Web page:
"Early stage challenges were plentiful; it's difficult to raise money and attract people when all you have is a PowerPoint deck and your faith that you can make it happen. You need to be surrounded by investors that can help you, and a team that is moved by your vision to change things. There are two lessons that I found critical. First, always raise more money than what you think you need. Money goes fast, and even if you sleep on couches and do not get a salary for a year, you will always end up spending more than you thought. Second, surround yourself with people that are here for the long run. Working with Omar Yaghmour [Fetchr's General Manager] has been a blessing, and his dedication and hard work is one of the key reasons of why we are here today."

1. Start your venture outreach eight months before you need investment.
2. Under promise and over deliver.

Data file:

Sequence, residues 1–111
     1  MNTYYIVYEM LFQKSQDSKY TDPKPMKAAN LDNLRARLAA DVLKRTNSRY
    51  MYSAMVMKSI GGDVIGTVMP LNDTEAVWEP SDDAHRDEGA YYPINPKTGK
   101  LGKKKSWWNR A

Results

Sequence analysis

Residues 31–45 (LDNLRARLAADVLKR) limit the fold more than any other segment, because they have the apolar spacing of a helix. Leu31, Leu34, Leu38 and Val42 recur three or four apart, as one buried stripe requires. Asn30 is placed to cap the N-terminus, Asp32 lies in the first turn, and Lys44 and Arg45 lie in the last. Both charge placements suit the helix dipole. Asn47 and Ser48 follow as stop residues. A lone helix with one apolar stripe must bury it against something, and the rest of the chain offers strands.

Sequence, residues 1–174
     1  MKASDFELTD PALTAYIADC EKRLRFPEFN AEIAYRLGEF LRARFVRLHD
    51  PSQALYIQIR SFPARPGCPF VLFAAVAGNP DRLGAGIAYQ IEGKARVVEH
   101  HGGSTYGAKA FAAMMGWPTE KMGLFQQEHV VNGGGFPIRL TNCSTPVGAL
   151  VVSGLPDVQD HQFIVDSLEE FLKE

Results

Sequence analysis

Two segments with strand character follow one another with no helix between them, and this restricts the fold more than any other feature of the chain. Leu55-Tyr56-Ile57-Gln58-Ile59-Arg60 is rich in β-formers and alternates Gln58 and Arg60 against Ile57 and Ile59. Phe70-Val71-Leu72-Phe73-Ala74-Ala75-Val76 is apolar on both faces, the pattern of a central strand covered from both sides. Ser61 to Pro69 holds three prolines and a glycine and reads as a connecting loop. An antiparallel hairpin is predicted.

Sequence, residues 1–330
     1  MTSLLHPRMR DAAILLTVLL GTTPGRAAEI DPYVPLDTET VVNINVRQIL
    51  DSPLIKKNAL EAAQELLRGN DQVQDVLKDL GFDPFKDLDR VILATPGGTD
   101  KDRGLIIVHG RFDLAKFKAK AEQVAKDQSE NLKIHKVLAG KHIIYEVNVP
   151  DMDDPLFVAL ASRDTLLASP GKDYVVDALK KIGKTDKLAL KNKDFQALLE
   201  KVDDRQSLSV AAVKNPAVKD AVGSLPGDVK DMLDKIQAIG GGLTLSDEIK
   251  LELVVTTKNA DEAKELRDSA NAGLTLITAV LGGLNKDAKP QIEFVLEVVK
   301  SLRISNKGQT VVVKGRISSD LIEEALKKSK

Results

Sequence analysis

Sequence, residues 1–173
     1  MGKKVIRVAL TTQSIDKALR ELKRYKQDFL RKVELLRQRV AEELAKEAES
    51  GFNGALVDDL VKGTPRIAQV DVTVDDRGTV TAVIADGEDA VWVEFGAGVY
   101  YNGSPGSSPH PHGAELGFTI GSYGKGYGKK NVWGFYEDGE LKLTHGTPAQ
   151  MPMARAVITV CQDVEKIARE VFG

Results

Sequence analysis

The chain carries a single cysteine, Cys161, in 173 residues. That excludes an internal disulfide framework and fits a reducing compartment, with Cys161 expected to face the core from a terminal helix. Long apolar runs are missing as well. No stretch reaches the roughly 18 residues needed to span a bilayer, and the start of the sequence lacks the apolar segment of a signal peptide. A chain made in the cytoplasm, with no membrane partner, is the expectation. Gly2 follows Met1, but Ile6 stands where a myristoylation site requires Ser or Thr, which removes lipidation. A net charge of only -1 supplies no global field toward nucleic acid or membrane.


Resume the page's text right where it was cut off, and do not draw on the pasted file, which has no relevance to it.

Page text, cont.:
3. Seek funds locally and seek Series A globally.
4. Be ready to have all of your answers backed by documentation.


IDRISS AL RIFAI Founder and CEO Al Rifai's passion lies in improving the MENA retail market with tech and customer-centric services. In 2012, he founded MENA360- the now rebranded Fetchr. He previously worked for MarkaVIP and the Boston Consulting Group.

JOY AJLOUNY Co-founder and Director of Business Development & Partnerships, Joy Ajlouny's background is in e-commerce. She founded Bonfaire, a VC-backed discovery platform for luxury footwear and accessories that was acquired in 2013 by Mode Operandi. She has also acted as a strategic advisor to fashion startups, VC firms, and fashion publications.

Pamella de Leon

Startup Section Editor, Entrepreneur Middle East

Pamella de Leon is the Startup Section Editor at Entrepreneur Middle East. She is keen on the MENA region’s entrepreneurship potential, with a specific interest to support enterprises and individuals creating an impact.